Risk factors for carcinoid lung tumors include:

  • being female
  • being white
  • being aged between 45–55 years old
  • having multiple endocrine neoplasia type 1, an inherited disease that puts people at risk for tumors in endocrine organs
  • having a family history of lung carcinoid tumors
  • tobacco smoke (for atypical carcinoids)

Many of these risk factors are things that people cannot change.

Since doctors are unsure of the causes and risk factors of carcinoid tumors, it is unknown how to prevent this type of cancer.

Since about one-quarter of people with carcinoid lung tumors do not have any symptoms, doctors must use other diagnostic tools to diagnose carcinoid lung tumors.

Doctors will check for hormone abnormalities if they suspect a neuroendocrine tumor. These include:

  • urinary dU-5-hydroxy indol-acetic acid
  • 24-hour urine free cortisol
  • blood cortisol
  • adrenocorticotropic hormone in people with Cushing’s disease
  • growth hormone-releasing hormone and insulin growth factor in people with acromegaly

Bronchoscopy and biopsy are the gold standard for diagnosing carcinoid lung tumors.

Bronchoscopy allows doctors to see the inside of the lungs to check for abnormal growths. If a doctor finds a growth, they can remove a piece of it for analysis.

Doctors can also use medical imaging to detect carcinoid lung tumors. According to a 2021 article, radiologists may find carcinoid lung tumors on a chest X-ray in about 40% of cases.

The gold standard for detecting lung carcinoids with medical imaging is a CT scan.

Fluorodeoxyglucose PET scans help to distinguish typical from atypical carcinoid lung tumors.

Some doctors may order octreotide single-photon emission CT scans and other new imaging techniques, which can be more sensitive at detecting carcinoid lung tumors.

When diagnosing carcinoid lung tumors, doctors must distinguish between typical and atypical tumors. This distinction is necessary for selecting the correct treatment.

People with lung carcinoids will require surgery to remove the abnormal growth. Some may require extensive removal if they have atypical carcinoids. Surgeons will remove an entire lobe of the lung.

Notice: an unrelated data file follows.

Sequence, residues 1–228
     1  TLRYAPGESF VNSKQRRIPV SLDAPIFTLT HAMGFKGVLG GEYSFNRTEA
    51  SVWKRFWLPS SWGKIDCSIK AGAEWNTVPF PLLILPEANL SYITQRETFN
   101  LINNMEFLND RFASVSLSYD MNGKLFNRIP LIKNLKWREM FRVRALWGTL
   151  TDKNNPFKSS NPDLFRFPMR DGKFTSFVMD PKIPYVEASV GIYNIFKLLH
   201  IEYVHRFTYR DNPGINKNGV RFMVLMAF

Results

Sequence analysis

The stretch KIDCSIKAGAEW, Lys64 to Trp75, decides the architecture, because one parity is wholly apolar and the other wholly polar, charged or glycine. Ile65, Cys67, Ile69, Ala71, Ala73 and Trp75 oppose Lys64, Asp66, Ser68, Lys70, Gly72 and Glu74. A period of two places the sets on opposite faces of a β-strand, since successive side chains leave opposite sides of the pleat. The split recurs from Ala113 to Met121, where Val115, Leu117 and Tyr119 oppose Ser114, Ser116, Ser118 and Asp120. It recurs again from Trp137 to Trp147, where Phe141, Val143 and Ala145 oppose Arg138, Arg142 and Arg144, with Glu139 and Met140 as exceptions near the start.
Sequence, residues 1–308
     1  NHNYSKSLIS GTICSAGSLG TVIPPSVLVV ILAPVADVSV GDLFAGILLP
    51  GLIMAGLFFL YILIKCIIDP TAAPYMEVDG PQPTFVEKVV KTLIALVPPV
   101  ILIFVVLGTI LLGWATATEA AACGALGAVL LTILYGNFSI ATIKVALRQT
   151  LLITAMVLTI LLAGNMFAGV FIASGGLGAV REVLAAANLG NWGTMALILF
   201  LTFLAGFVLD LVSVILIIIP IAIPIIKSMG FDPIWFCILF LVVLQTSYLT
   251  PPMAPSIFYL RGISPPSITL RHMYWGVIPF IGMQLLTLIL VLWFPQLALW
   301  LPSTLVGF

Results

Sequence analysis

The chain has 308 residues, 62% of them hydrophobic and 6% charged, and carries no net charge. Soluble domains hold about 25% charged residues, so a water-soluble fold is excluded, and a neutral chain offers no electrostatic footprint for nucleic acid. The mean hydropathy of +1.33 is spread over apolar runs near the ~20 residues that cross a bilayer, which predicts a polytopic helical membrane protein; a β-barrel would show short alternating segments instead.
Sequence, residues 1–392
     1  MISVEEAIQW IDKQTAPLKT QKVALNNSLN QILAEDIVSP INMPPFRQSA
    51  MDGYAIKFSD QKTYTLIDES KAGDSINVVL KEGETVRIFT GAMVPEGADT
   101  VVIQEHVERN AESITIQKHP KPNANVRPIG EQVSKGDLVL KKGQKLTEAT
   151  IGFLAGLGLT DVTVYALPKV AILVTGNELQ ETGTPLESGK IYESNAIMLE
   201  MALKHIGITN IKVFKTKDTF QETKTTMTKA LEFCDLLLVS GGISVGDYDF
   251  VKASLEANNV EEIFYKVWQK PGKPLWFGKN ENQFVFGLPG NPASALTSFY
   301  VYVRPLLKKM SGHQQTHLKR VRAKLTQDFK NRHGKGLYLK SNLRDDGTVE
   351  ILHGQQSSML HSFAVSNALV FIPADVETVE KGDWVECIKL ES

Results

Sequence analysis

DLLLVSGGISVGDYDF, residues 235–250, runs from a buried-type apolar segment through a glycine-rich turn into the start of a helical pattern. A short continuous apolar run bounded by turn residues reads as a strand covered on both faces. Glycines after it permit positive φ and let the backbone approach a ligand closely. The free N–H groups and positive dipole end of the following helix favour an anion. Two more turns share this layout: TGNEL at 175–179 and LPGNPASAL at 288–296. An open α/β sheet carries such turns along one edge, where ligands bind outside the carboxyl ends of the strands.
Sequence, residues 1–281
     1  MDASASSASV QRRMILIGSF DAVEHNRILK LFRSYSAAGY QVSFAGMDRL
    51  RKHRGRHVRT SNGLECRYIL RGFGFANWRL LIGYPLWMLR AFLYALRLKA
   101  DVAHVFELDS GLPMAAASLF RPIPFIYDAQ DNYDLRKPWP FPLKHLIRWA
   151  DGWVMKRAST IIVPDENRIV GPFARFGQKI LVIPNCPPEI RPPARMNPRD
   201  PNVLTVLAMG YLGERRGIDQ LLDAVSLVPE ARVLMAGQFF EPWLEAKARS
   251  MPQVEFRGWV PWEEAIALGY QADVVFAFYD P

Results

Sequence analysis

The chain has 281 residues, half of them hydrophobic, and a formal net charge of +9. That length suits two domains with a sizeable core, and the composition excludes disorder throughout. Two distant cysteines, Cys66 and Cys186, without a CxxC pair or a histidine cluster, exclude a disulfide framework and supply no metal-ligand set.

In other situations, people may require bronchoplasty, which involves repairing the bronchi of the lungs.

Some people may require additional therapy for advanced atypical lung carcinoids. This may include chemotherapy with or without radiation therapy.

Certain cancer societies also recommend additional therapy for atypical carcinoids with abnormal lymph nodes.

According to a 2021 article, the most important factor that affects the outlook of carcinoid lung tumors is whether the cancer is typical or atypical. Another factor affecting outlook is older age and lymph node involvement in people with atypical lung carcinoids.

Atypical lung carcinoids are more likely to spread to other parts of the body than typical lung carcinoids. The 2021 article suggests that spreading to other parts of the body occurs in 20% of atypical cases.

According to a 2018 article, the 5-year overall survival rate for typical carcinoids post-surgery is between 87–100%. The 5-year overall survival rate for atypical carcinoids is between 40–90%.

Lung carcinoid tumors develop from abnormal neuroendocrine cells in the lungs. They may be typical or atypical.

Typical lung carcinoids are more common, and usually do not spread outside of the lungs. Atypical tumors may grow more quickly and spread to other parts of the body.

Doctors will diagnose carcinoid lung tumors with biopsies, blood and urine samples, and medical imaging. Once diagnosed, people require surgery to remove the growth. Some doctors may recommend additional treatment.